Anti-war students defend the right to protest

Issue 

BY KATHERINE BRADSTREET

SYDNEY — On April 2, around 1200 anti-war students and their supporters defied the NSW police by gathering in Sydney’s Town Hall Square to oppose the war on Iraq and reaffirm their right to protest.

Despite a provocative police presence of up to 1000 officers — and the use of capsicum spray by a plain-clothed police officer — bubbles, balloons and flowers, interspersed with passionate speeches on the injustice of the war, remained the order of the day.

The peaceful protest was a partial victory for activists, who refused to be intimidated into canceling their protest and held a successful, powerful, event. The Carr government’s use of such excessive police numbers to ensure no march took place is, however, a significant attack on civil liberties. Without a stepped-up campaign to defend the right to protest, these attacks will only get worse.

In the week leading up to the protest, police, the corporate media and the government ran a concerted campaign against rally organiser Books Not Bombs. They claimed that students had been violent at the 10,000-strong March 26 BNB-organised student strike, and warned of “a repeat performance”. They used red-baiting, and condemnation of radicals to attempt to spilt the movement.

This hysteria was used to justify one of the worst attacks on civil liberties in Australia in years: BNB’s application for a march permit was denied and the education department directed school administrations to suspend any students who attended the march.

The protesters were a diverse group. Although most protesters were high school students, many had come to support them, including some activists who had had to fight for the right to march in campaigning against the Vietnam War.

Young or older, however, the protesters refused to be intimidated. More than 90 people acted as “peace monitors”, including a large number of “parents for peace”. A dozen volunteers from the Legal Observers Project also attended to monitor police behaviour.

Despite the overwhelmingly peaceful nature of the protest, the police did arrest one young protester, on allegations relating to the March 26 protest. They swept in while most protesters were forming a giant peace sign in the square.

Although the protest was supposed to start at 1pm, protesters started arriving before 10am. Some students were too nervous to walk out of school, and instead skipped the day entirely.

A contingent from Sydney University arrived after midday, having caught buses from a rally held on campus, after police surrounded them and prevented them from marching down to join with the Books Not Bombs protest.

While waiting for the protest to “officially” begin, people used the megaphone to condemn the war, held hands, chanted, danced to drums and chatted. The enormous police presence highlighted for many the main reason they were there: to condemn and defy the combined media, police and government campaign to stop people protesting the war.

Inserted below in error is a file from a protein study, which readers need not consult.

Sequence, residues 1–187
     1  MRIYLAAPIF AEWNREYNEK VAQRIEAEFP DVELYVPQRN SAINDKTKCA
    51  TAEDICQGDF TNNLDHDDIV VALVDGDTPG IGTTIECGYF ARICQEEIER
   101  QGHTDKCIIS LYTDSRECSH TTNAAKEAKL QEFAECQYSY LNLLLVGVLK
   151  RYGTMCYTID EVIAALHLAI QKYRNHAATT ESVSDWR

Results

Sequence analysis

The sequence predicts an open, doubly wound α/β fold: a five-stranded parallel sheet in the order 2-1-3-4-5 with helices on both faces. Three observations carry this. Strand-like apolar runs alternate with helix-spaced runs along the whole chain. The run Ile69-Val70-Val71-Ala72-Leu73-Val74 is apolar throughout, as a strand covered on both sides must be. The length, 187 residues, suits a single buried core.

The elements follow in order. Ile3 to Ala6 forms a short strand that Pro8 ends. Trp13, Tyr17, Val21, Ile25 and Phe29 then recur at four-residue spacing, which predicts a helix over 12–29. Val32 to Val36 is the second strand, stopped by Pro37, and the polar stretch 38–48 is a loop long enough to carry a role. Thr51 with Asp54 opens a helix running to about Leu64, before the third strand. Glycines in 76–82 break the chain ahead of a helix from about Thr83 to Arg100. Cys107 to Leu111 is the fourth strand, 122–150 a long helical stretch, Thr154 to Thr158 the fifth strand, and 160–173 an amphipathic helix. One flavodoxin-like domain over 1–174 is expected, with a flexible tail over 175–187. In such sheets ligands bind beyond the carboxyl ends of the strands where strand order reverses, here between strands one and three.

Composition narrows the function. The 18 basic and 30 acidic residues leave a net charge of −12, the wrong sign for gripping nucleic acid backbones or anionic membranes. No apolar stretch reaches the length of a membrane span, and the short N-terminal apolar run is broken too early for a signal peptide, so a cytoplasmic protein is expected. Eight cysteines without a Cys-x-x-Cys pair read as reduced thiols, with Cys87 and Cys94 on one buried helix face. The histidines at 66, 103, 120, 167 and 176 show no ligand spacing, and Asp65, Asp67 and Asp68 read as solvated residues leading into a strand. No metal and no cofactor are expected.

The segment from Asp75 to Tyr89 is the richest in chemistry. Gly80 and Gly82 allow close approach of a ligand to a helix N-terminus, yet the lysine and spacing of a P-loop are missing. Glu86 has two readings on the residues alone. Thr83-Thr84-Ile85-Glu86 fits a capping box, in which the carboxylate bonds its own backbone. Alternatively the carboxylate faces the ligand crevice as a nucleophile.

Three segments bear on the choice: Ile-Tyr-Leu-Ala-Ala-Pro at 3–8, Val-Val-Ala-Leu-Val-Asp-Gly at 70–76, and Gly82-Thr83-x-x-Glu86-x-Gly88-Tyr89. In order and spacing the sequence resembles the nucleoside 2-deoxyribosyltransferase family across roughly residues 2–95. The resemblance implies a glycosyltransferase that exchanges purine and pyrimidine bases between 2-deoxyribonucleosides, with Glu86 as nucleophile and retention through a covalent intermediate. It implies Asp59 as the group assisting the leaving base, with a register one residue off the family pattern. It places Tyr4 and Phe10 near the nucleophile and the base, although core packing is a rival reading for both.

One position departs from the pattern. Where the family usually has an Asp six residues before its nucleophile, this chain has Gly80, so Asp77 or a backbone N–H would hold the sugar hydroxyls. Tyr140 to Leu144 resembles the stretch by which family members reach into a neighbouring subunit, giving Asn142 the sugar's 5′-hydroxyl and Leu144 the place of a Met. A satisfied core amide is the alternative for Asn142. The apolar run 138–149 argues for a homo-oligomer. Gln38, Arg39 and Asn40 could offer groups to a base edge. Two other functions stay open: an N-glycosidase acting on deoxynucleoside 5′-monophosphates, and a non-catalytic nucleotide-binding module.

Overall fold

Before 1pm, the police cordoned off Town Hall Square, completely enclosing the protest within walls and lines of police officers. A cop announced repeatedly over a megaphone that, as the police force had not granted a permit for a march, anyone who tried to leave in a “procession” would be arrested. He then said that students would be allowed to leave in small groups, provided they went around the back of the cathedral.

The protest was further hindered by the police’s refusal to allow the PA system, which organisers had spent considerable money on, to be used. Instead, protesters had to cluster around the megaphone.

However, the protesters were not intimidated into leaving: they had decided to stay and carry out the peaceful, united action that they had intended, even if they were denied the right to march.

Despite the dozens of paddy-wagons parked round the corner, protesters stood their ground, with the chants of “no racism, no war, this is what we’re fighting for” and “Howard, Bush, USA, how many kids have you killed today” echoing round the square.

A wide range of people addressed the protest, including Sylvia Hale from the Greens, Arthur Chesterfield Evans from the Democrats and many students. At 2pm, the rally ended, although it took much longer for everyone to disperse as the police would only let people leave the public square in very small groups at a time.

Books Not Bombs spokesperson Kylie Moon told Green Left Weekly that, “we succeeded in carrying out a successful rally in the face of extreme provocation by the police, and disappointed media expectations of violence.

“We refused to be intimidated into silence. Instead, we got our message across peacefully and defended our right to protest, with or without police consent.”

From Green Left Weekly, April 9, 2003.
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